The major impact that black toxic masculinity had on me as a teenager was that I was desperate for a rite of passage into manhood and felt I should be ready for sex when I wasn’t. My only available black male role models were in the media, so when I heard Lil Wayne and Chris Brown lost their virginity at 11 and 8 respectively, I came up with obsessive plans to have my first sexual encounter. To me the illusion was real. I was convinced that real black men have sex for all the wrong reasons. Not because they’re ready, or because they love someone, but to “hit the baddest chicks”. I subscribed to this even though it was counter-intuitive and unnatural for most people with respect for themselves.

I would find that certain types of girls seemed to be more turned on (or turned off) by my skin colour than anything else about me. It would seem they too had a fantasy or preconception of what my skin colour represented. Young men in my community all seemed to be having sex (whether this was true is a different story) and if you were the odd one out it was so easy to be made a punchline of everyone’s jokes. And so, rather than being myself, I wanted to live up to the image.

This didn’t work well for me.

I had gotten some female attention and had finally been invited to her house whilst her parents weren’t home. I knew this was it. I had told all my friends. We were making out on the sofa and she suggested moving it to the bedroom. We took off all our clothes. She told me she was ready. But… I was soft. I had been hard the whole time but nerves and performance anxiety made me go limp. Why was I so nervous? What was wrong with me? I was the black sexual beast, right?!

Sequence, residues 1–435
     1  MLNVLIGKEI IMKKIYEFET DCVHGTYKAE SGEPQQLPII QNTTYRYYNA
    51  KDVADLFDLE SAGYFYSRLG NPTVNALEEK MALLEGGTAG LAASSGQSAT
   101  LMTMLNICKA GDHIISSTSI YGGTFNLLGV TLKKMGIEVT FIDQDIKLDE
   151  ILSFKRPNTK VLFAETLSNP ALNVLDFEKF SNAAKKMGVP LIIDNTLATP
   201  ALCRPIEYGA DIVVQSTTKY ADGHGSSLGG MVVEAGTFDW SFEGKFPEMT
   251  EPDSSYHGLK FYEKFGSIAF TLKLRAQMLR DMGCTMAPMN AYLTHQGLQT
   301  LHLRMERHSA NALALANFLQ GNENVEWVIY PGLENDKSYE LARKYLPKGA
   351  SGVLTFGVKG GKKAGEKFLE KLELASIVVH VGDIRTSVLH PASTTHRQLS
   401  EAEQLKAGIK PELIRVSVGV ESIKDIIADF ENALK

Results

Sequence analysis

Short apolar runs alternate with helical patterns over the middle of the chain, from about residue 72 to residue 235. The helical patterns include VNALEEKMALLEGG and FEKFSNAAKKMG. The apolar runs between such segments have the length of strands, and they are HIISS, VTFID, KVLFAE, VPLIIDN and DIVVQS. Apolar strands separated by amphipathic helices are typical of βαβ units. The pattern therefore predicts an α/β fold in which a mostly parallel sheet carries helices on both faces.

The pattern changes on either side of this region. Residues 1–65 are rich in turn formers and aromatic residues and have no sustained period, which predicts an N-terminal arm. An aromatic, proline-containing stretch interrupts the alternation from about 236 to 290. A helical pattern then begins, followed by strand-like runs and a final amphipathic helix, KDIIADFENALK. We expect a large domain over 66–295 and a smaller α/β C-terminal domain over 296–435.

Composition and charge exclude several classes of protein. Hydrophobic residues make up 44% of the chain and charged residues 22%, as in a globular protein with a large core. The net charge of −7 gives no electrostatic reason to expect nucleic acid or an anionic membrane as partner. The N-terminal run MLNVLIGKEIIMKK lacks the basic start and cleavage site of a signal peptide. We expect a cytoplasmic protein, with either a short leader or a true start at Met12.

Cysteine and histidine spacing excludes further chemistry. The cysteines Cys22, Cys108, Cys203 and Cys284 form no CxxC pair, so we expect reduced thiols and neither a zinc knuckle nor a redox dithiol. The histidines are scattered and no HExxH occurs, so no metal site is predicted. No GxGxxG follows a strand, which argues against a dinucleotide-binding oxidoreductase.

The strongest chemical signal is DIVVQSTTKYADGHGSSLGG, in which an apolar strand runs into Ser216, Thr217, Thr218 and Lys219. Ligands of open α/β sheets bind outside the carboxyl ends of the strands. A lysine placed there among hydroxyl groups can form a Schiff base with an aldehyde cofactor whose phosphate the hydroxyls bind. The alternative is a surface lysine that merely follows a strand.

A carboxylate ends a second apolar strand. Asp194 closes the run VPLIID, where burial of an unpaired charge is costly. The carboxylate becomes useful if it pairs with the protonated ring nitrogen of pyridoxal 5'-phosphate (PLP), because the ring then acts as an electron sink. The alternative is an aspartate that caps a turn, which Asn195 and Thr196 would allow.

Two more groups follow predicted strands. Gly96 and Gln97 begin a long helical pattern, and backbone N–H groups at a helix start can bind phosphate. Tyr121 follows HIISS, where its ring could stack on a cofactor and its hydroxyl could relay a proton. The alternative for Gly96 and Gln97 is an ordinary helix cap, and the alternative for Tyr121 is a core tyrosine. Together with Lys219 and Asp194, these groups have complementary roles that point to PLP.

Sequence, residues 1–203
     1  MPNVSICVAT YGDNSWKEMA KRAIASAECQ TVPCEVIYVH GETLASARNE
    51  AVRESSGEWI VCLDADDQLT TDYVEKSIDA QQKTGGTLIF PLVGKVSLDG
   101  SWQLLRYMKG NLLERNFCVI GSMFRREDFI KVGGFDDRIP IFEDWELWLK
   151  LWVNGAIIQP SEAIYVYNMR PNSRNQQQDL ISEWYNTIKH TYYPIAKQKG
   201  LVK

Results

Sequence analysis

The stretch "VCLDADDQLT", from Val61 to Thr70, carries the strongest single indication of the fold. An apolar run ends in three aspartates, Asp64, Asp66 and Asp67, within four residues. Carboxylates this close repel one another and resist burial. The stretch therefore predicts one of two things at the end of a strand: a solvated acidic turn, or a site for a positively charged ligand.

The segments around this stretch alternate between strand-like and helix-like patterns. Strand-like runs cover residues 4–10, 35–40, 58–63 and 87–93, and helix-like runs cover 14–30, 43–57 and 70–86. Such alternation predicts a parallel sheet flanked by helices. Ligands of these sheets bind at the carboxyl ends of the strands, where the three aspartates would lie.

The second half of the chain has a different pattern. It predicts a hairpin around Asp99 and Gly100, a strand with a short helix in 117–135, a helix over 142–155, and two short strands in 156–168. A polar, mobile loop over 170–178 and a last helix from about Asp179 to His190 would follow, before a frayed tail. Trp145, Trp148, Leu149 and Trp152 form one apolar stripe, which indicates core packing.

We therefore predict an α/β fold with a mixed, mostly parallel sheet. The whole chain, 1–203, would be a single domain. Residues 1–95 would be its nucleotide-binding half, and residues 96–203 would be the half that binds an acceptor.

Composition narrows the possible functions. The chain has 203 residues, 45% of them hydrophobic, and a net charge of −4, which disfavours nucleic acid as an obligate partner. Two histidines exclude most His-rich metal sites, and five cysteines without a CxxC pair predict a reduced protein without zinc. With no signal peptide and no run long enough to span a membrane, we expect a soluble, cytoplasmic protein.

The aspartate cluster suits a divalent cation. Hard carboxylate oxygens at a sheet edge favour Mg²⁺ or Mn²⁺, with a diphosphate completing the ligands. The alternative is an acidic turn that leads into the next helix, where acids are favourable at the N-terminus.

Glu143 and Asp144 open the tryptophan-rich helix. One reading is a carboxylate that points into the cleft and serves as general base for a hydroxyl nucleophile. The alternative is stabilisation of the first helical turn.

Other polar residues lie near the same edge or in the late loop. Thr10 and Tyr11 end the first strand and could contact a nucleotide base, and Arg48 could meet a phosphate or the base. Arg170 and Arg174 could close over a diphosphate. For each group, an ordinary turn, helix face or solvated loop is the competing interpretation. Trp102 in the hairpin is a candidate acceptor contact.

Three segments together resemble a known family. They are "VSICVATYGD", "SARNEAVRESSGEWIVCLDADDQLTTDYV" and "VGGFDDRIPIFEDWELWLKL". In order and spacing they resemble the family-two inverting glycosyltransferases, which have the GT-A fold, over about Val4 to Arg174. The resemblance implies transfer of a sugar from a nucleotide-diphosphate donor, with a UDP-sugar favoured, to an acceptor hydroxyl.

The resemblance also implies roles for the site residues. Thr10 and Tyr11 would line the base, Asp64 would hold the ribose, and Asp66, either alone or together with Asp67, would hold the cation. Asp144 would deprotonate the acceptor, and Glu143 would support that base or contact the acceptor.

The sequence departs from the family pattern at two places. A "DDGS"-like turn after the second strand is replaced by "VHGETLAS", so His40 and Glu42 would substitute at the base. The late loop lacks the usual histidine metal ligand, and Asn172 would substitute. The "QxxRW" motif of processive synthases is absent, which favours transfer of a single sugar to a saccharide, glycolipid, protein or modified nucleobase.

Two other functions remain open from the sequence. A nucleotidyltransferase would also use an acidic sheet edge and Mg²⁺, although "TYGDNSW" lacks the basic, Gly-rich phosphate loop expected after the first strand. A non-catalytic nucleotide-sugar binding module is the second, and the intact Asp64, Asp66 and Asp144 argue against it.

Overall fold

Well, no.

I was a 14-year-old child who simply wasn’t ready for sex yet. All mature men would have been able to handle this situation, but instead of reacting maturely I internalised it. I hated myself. I wondered what the fuck was wrong with me. I thought I was seriously abnormal.

Healthy Sexual Attitude

Like I mentioned earlier, men relate sex to self esteem. For ages I lied about what had happened that day. For the next 6 years I let people believe I was sexually active so I wouldn’t be judged and mocked. I kept making these obsessive plans to have my first sexual experience. It had damaged me to go around with this unhealthy sexual attitude. Trying to live up to society’s expectations meant that being a virgin made me feel embarrassed and ashamed (even though sexual inexperience is nothing to be worried about). And I had no one to talk to because men aren’t traditionally supposed to have these feelings.

But this stopped once I gained a healthy perspective on sex (and met my amazing current girlfriend). Psychologically, whether you see sex as emotional or a way of achieving self esteem, whether you’re a man or woman, the key thing is having respect for yourself. Unfortunately media doesn’t teach our kids this. It’s not okay to disrespect women, and it doesn’t make you a man to seek validation through more and more sexual partners. No, you don’t want to be a 16-year-old babyfather with no way to make ends meet.

Masculinity comes in many shapes and forms, and until the day media decides to reflect this, we need to spread this message in the black community as much as we can.